Prison art arrives at a Crossroads

Artwork from prisoners displayed in a new gallery opened at the Crossroads Bible Institute headquarters in Grandville. The artwork was selected from over 40,000 inmates that the program works with. (Photo: Charles Jurries/CJR 454)

Sept. 21, 2009

GRANDVILLE, Mich. — A new art gallery has opened showing the best of artwork sent in by prisoners across America.

Crossroads Bible Institute has opened their Inmate Art Gallery this past week, with drawings and paintings selected from more than 40,000 inmates.

The gallery has opened at the program’s Grandville headquarters, after renovating a section of office space to accommodate and display artwork.

A permanent prison art gallery has been a dream of H. David Schuringa, president of Crossroads Bible Institute. Since he became president 10 years ago, Schuringa said he wanted a way to share with others the artwork that prisoners mailed in voluntarily.

Schuringa says he hopes the gallery will “bring dignity and honor to the artists.”

“People behind bars are usually not treated with a lot of dignity and no one cares about them,” he said. “They’re the forgotten ones of our society, and we hope by showcasing their art they will feel empowered and feel they are making a difference and have value in society.”

Kim Vander Lende is a graphic designer with Crossroads Bible Institute and is the curator of the gallery.

“When Dr. Schuringa started working for the company, he noticed that prisoners were sending in poems and their artwork and thought we should start publishing it,” said Vander Lende.

Publishing started by reproducing artwork and poems in a quarterly magazine, Crossroad Journal of the Arts. Through the periodical, Crossroads Bible Institute was able to ask for submissions for their new permanent art gallery.

The artwork, Schuringa hopes, will do more than look nice in a frame. “We hope this helps the general public to see people in prison in a different light, that they are not only people who have committed crimes but they are larger than that. They’re people with dreams, people with vision.”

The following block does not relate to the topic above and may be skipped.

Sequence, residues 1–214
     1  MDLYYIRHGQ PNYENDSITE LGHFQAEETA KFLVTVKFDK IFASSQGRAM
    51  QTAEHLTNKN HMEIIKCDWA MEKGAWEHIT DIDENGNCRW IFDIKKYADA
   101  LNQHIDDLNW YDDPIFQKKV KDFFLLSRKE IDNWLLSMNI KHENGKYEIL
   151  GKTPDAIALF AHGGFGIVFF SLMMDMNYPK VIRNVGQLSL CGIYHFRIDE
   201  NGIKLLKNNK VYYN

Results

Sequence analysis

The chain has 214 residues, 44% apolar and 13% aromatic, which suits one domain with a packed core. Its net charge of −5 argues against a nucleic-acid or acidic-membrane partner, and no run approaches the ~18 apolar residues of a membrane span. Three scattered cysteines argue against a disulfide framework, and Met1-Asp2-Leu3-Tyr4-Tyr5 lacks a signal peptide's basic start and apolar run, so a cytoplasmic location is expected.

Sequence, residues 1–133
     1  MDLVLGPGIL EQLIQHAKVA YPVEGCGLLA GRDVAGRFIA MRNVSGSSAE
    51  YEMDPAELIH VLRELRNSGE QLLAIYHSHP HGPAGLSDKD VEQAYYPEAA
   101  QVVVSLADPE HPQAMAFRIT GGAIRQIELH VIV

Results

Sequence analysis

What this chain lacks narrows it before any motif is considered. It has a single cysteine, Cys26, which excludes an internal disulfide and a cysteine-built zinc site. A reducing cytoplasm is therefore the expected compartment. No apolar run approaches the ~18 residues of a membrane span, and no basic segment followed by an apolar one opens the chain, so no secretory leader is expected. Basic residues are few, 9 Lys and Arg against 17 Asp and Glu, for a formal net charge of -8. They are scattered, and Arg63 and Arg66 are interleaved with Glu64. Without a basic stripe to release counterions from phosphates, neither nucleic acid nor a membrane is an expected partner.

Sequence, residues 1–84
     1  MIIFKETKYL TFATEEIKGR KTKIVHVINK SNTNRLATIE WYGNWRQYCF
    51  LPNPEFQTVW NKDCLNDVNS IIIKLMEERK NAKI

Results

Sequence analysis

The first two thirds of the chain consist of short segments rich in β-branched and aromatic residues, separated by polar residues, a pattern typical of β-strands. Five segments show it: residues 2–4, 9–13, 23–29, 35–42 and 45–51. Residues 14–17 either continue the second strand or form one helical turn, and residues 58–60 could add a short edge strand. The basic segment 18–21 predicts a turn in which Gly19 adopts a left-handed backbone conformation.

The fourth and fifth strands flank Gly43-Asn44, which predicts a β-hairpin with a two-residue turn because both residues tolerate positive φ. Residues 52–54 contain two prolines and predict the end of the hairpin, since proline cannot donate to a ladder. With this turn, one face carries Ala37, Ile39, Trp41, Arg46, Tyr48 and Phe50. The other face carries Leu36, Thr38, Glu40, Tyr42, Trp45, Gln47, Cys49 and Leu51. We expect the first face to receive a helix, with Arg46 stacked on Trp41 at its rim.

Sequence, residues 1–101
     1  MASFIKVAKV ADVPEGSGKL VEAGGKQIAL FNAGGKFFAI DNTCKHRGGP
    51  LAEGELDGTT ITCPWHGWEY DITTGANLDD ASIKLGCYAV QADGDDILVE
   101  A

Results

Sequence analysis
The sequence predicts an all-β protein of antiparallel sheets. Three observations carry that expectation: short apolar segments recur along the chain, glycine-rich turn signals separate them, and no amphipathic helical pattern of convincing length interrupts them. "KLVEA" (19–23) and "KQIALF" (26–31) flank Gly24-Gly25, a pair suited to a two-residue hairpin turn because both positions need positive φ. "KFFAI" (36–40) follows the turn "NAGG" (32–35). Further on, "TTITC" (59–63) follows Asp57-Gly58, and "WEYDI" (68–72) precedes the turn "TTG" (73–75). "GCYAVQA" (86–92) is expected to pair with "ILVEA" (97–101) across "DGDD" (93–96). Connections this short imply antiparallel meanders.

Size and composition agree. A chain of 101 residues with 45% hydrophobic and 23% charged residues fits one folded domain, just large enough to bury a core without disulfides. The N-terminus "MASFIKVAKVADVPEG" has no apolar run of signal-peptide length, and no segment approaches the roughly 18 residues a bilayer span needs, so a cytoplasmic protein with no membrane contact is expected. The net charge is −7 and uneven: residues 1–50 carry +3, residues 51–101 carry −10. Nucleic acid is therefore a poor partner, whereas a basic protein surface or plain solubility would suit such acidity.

The gallery features art with images of peace, such as a bright sunset or a dove in the clouds. Others pieces depicting frustration. One such piece depicted one person’s frustration with other’s putting their trust in “sources” for what is or what isn’t real in society, only to find out that what they get paid to proclaim is inaccurate.

Vander Lande said she hopes the gallery will expand before the end of the year, by making prints available for purchase and by adding additional artwork throughout the building, and changing out artwork in the gallery to “keep it fresh for visitors,” she said.

Another expansion she is looking into is creating a traveling exhibit; although as of yet no real plans have been laid down.

Schuringa said that he hopes the gallery will make a contribution to the art world.

“We are hoping this will become a destination gallery here in West Michigan and Grand Rapids for people interested in art and that this inmate gallery will be something that stands out,” he said.

Crossroads Bible Institute has seven foreign offices along with their Grandville office, working with faith-based ministry in prisons. The prison art gallery is located at 2976 Ivanrest SW, Suite 200 and is open from 9 a.m. to 5 p.m. Monday through Thursday and from 9 a.m. to 4 p.m. on Fridays.

E-mail Charles Jurries: echuckler@yahoo.com

On the Net: http://www.crossroadbible.org

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